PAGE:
By and large, I’d characterise the mood of the UK stock market as cautiously optimistic. The overall global trend is a mildly bullish one with the next US earnings season about to kick off any day now. UK equities represent decent value but there’s the consistent worry about politics – Brexit, the defenestration of PM May and the impending arrival of JCorbyn as PM (!).
Given this cautious optimism, any big and/or divergent price moves (outside of the energy sector) always tend to draw my attention. Two small caps top the David Stevenson watch list this week. The first is Stanley Gibbons, which just a few weeks ago put itself up for sale. Potential bidders include Disruptive Capital, where Edi Truell is chair. Fincap is currently taking offers! The share price shot up to 13p at one stage – still well down on a 1 or 2-year basis. But in the last few days, the share price has drifted a great deal lower, hitting 10.5p today. A cursory perusal of the RNS list reveals some big share dealing notifications some featuring everyone’s favourite opportunist Toscafund plus a long list of other parties including Hamish Munro, Roger Guy, Anthony Banwell.
SG represents something of an enigma wrapped up within a puzzle, presented as a dog’s dinner. I’ve tracked it for many years now largely because it represents a supreme irony: it controls an asset class (stamps) but has singularly failed to work out a way of properly monetizing it. I admit to being a bit of a closet stamp fiend and one of my earliest FT columns looked at research involving LBS’s Prof Elroy Dimson which showed that stamps represented a viable alternative asset class – emotional, yes, less than liquid, undoubtedly but also potentially offering decent long term returns. At the centre of this global emotional alternative asset is SG, with its publishing business, its market making and its investment activities.
But therein lies the problem. Cynics like me were always suspicious that the market price seemed to be guided by the main market maker, the main publisher and the main buyer. Something seemed peculiar about this state of affairs. And then Stanley Gibbons started offering guaranteed investment funds. The word guaranteed always struck me as an inappropriate term to deploy with anything also involving the word investment. There is, beyond government-backed schemes, no guarantee of anything in investment, ever …except that there is no guarantee of any guarantee. So Stanley Gibbons’ various fund and investment initiatives always struck me, as, well…a bit peculiar again.
And then the inevitable fall from grace. To be fair the root cause of the original problem seemed to be that the underlying businesses weren’t performing as expected with the recent purchase of an interiors/auctions business the chief culprit. But as the Augean stables have slowly been cleaned out by the new executive team, other issues have emerged, not least that the business has inherited a large amount of stock it struggles to sell. A new management team have been put in place and they seem to be doing a great job which is why the announcement of a sale process possibly caught some of us off guard. Why not wait for another year to let the restructuring process work its magic? Or is the state of affairs worse than we first thought? Who knows, but Stanley Gibbons should be a great business – in the right hands. Which makes the recent sell-off in the shares even more peculiar. The cynic in me is starting to worry that there may be some hidden nasties.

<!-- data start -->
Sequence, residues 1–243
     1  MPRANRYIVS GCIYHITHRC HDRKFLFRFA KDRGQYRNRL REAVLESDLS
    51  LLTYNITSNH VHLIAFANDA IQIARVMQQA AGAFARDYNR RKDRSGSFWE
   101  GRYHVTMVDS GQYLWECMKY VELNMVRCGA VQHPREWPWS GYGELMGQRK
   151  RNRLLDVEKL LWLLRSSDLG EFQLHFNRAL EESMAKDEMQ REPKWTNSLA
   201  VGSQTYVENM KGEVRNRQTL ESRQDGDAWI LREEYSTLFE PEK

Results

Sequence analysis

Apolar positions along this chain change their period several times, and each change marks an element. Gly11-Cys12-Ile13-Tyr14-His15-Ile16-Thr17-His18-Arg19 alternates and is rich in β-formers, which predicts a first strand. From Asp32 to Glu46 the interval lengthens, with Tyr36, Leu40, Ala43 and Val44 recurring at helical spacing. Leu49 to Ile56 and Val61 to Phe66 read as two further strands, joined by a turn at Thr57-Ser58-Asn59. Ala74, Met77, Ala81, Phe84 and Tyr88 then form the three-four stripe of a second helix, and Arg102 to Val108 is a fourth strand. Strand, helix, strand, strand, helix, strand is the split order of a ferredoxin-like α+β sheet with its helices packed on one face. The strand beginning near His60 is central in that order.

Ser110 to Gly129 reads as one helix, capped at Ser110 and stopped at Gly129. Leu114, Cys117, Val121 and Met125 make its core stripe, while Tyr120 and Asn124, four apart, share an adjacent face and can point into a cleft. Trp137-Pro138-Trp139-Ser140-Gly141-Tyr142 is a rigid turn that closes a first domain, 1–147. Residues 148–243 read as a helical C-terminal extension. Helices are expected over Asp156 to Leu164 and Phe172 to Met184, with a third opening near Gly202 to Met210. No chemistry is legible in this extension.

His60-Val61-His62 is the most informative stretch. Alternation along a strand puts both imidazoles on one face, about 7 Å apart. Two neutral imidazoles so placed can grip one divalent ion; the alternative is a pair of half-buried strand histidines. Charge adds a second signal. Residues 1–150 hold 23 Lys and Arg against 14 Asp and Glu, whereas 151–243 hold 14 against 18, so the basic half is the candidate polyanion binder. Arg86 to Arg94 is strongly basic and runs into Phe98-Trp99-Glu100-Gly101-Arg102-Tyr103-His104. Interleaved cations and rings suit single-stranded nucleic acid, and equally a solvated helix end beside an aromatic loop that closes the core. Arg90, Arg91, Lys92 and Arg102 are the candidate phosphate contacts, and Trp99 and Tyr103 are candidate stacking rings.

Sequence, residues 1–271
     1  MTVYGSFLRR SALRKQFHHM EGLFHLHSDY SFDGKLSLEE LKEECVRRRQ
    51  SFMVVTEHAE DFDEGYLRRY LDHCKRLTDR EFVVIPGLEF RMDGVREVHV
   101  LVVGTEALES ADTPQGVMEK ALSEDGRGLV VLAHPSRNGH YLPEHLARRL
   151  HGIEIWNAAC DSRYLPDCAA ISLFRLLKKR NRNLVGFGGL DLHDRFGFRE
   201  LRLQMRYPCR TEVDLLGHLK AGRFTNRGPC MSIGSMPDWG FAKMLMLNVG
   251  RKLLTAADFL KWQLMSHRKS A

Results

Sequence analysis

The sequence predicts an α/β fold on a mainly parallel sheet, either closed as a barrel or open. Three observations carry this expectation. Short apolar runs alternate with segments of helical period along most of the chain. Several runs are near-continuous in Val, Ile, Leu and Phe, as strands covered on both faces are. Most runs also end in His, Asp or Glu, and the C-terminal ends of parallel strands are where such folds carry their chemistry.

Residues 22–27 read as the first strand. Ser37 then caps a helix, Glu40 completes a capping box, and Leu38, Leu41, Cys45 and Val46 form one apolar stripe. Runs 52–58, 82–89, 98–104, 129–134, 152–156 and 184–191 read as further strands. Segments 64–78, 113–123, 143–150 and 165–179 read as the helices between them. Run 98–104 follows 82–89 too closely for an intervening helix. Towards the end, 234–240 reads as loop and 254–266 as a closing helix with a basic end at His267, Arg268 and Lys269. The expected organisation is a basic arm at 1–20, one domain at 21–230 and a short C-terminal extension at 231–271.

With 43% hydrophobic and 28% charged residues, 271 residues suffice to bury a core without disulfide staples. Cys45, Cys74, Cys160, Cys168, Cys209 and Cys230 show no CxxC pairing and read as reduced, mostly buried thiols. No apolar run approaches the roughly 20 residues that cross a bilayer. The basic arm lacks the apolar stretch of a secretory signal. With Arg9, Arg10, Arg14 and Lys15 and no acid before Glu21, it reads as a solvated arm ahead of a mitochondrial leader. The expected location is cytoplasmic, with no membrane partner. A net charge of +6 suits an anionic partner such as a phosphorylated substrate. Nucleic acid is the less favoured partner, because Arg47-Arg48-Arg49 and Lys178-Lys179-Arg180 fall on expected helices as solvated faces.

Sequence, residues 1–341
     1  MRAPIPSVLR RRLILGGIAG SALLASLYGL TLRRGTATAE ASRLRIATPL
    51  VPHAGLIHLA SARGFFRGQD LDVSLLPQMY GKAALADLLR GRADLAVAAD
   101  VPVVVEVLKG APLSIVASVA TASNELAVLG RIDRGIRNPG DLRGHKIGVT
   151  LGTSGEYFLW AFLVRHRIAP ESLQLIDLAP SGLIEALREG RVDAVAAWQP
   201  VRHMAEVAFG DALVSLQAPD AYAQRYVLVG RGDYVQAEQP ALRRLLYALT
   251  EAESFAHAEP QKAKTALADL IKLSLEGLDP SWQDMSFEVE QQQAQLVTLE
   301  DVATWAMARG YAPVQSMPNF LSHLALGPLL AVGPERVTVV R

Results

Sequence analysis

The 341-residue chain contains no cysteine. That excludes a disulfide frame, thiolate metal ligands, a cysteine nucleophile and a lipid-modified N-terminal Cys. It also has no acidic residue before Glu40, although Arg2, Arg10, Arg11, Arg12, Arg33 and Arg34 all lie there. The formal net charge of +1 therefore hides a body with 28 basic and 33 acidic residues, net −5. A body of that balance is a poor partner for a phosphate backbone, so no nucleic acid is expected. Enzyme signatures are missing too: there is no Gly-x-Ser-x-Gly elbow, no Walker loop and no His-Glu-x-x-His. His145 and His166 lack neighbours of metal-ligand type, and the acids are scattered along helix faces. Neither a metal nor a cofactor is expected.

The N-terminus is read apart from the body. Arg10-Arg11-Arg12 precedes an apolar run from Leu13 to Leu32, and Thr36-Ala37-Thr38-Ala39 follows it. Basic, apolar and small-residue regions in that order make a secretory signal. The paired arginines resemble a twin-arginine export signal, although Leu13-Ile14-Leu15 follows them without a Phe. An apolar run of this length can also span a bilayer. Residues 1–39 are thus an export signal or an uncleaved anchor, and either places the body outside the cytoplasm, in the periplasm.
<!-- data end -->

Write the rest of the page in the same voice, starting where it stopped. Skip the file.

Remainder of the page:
On a completely unrelated score, I note that the share price of specialist finance outfit GLIF has dropped precipitously in the last few weeks. Its currently trading at around 12.5p, well off recent trading levels between 20 and 25p. Now I must declare at this point some interest or ‘form’ when it comes to GLIF. First off, I’ve known GLIF very well for many years, largely because my alternative finance website www.altfi.com often features them within their superb coverage of this fast expanding universe. I’m also a non-exec director of a fund that used to be closely connected to GLIF – the SQN Secured Income Fund which used to be known as the GLI Alternative Finance fund.
For the record, I have no involvement in GLIF nor any inside knowledge about what’s going on. But what does strike me as odd is the plummeting share price – down a whopping 53% over the last six months. The core businesses within the now slimmed down group – which includes offshore HNW lending platform Sancus, growth funder BMS and what was once Platform Black – appear to be trading well. The business also has plenty of cash. My guess is that many of the small private investors who used to invest in GLIF for the high dividend yield have been progressively selling down. But given the sheer quantum of the share price decline, that must be a very large number of people selling down their shares all at once! Another potential concern could be wider developments within the alternative finance space – maybe another crisis at a leading alternative lender rather in the style of last year’s blow up at LendingClub? But again, I can’t see any evidence of impending stormy weather – in fact, the share price of some leading P2P funds (such as P2PGI) has actually gone up in the last few weeks. And although I can see some weakness in the UK domestic economy, I can’t see that being a huge driver of the GLIF share price in the short term. The mystery deepens.